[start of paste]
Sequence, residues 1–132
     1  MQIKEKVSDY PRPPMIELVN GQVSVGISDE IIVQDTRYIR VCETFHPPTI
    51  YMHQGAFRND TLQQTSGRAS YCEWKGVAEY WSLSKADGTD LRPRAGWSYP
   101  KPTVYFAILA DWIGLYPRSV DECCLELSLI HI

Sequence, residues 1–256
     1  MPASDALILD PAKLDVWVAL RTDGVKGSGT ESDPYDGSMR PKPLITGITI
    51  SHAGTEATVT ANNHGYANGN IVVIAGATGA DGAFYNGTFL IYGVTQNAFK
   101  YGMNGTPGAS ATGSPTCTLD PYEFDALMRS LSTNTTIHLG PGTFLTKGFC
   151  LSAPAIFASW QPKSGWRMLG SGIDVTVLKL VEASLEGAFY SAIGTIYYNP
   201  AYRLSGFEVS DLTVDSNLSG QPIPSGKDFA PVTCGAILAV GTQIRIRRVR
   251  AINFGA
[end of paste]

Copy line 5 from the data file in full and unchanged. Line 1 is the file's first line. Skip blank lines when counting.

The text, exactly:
Sequence, residues 1–256